PlaneBusiness Banter Now Posted!

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Let’s see if this works this week. I never could get Movable Type to behave itself last week. I hope it refrains from giving me fits again. I have better things to do.

Oh, hello! This week’s issue of PlaneBusiness Banter is now posted. Finally!

As I tell subscribers this week, our publishing schedule is going to be a bit, er, erratic for the next six weeks or so as yours truly hits the road. Or, more accurately, the skies. Conferences, presentations, and more conferences.

But hey, it beats sitting on the chair at the Worldwide Headquarters. I think subscribers benefit when I am out and about.

This weekend I travel to Orlando, where I will attend that wonderful gathering of testosterone and airplanes — the ISTAT Americas Conference. The next week? I’ll be presenting at a meeting of Travelport’s best clients out in San Diego.

Meanwhile, this week we have a lot to talk about. First, we wrap up the 4Q earnings parade of planes as we do an in-depth look at the results reported last week by Republic Holdings.

We also review and compare the 4Q 2012 break-even load factors and operating expenses for the sector. Bottomline? These charts simply reinforce how horrible United Airlines’ fourth quarter results were.

On the US Airways/American front, we have so much news I can’t begin to go over it all. In addition, yours truly spoke last weekend at the Association of Professional Flight Attendants Convention in Fort Lauderdale. It was a blast.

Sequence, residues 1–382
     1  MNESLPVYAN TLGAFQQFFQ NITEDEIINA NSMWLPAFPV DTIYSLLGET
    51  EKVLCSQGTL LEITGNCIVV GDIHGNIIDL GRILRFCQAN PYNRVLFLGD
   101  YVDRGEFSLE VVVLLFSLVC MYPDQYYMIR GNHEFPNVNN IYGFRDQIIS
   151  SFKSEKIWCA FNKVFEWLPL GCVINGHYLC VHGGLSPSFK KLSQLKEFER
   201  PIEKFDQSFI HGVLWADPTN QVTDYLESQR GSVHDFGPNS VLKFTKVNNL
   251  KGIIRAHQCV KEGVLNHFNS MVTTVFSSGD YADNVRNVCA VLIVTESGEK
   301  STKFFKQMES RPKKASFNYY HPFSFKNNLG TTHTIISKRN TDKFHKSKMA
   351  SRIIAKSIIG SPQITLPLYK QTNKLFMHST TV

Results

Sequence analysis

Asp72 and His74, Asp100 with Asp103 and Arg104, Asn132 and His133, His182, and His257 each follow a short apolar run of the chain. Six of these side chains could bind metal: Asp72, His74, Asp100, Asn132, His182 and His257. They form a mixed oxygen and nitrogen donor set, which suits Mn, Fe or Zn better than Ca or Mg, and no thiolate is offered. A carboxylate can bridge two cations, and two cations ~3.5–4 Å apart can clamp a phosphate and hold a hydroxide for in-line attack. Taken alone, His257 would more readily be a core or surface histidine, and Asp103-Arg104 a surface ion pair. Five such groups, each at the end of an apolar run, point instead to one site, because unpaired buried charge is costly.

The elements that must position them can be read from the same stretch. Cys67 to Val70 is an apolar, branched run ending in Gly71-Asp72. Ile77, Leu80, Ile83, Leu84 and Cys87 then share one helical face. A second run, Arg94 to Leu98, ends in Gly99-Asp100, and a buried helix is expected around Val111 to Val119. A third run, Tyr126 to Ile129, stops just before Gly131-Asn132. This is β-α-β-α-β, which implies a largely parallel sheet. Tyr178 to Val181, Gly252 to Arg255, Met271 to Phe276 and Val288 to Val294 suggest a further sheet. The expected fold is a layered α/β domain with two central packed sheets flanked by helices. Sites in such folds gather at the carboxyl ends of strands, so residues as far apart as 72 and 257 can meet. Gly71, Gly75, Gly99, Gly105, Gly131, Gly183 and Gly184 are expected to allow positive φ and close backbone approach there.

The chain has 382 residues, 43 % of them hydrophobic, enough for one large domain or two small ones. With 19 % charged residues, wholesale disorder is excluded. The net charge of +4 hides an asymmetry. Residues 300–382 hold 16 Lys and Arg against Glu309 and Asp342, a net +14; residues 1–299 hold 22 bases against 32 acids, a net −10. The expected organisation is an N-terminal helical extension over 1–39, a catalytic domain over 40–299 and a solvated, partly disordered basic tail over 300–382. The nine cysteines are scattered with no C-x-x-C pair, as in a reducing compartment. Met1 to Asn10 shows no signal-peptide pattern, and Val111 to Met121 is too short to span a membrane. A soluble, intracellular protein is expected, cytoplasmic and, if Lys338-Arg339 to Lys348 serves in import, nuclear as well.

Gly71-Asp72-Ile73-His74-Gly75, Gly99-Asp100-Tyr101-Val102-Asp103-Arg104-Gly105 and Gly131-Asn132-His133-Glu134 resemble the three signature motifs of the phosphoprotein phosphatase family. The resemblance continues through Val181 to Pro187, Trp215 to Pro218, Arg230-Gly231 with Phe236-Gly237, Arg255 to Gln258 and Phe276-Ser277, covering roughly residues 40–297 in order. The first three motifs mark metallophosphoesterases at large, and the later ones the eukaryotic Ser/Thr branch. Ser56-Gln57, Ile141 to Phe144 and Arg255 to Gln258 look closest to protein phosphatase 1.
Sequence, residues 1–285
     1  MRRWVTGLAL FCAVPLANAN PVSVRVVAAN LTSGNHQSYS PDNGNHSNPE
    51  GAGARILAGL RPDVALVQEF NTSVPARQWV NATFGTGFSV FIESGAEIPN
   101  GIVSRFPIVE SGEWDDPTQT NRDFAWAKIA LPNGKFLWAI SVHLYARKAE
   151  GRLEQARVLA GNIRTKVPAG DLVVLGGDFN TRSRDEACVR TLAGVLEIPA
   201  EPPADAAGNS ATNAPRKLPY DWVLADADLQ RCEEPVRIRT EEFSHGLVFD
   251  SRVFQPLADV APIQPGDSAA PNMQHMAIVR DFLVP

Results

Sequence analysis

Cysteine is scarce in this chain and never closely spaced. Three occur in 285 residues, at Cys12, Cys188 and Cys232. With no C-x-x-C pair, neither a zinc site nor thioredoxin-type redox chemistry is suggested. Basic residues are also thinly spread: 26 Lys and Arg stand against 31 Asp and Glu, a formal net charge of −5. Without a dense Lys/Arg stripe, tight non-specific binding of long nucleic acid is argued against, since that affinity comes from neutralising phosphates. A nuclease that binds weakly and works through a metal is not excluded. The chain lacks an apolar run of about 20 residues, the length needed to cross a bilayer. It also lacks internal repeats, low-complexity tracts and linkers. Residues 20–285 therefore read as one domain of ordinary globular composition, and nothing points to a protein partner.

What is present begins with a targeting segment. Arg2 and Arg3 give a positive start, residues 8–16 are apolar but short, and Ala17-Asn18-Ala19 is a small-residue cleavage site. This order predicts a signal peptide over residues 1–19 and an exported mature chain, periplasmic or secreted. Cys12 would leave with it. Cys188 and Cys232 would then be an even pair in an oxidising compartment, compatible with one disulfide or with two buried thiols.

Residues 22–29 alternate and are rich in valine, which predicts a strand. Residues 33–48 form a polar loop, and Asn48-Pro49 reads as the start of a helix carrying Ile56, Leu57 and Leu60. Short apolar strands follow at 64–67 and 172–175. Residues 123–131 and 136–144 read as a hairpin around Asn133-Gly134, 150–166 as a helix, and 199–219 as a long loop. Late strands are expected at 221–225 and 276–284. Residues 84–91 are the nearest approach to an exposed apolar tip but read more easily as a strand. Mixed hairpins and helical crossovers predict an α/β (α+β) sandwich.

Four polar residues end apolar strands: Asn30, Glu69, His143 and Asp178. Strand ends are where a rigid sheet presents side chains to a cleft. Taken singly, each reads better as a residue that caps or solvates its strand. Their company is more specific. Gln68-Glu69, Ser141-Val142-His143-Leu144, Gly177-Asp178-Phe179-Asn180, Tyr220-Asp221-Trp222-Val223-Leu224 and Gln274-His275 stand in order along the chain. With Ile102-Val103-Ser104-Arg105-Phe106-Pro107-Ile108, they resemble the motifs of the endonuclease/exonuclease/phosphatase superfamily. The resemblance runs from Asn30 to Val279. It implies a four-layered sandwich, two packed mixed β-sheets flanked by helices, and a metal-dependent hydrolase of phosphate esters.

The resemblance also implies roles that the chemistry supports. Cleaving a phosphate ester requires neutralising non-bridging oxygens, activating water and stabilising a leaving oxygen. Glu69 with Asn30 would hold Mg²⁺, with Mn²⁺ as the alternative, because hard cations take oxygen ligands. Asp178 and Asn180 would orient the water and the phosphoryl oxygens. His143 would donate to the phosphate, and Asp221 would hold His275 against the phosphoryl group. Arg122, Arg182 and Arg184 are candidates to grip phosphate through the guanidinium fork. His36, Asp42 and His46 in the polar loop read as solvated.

Then there was the JPMorgan Transportation Conference in New York this week. There were some interesting tidbits to come out of the conference, including a statement from Southwest Airline’s CFO Tammy Romo as to whether or not “Bags Fly Free” is an important recognized part of the airline’s brand. She says no. I disagree.

We also talk about the latest research report from Bob McAdoo at Imperial Capital. This one is on US Airways, and is basically a follow-up to Bob’s excellent report on American a couple of years ago. Short and sweet? The airline’s costs were never the problem. It was the airline’s inability to produce revenues.

PBB fans know I’ve been touting exactly the same sentiment for years.

Bob feels strongly that most people don’t understand that the true value to this merger is in the expertise and ability of the management team that is coming in — that of US Airways. The “Doug and Scott” synergies.

All of this, in addition to turtles mating on the beach, pigs flying, and photon showers — in this week’s issue of PlaneBusiness Banter.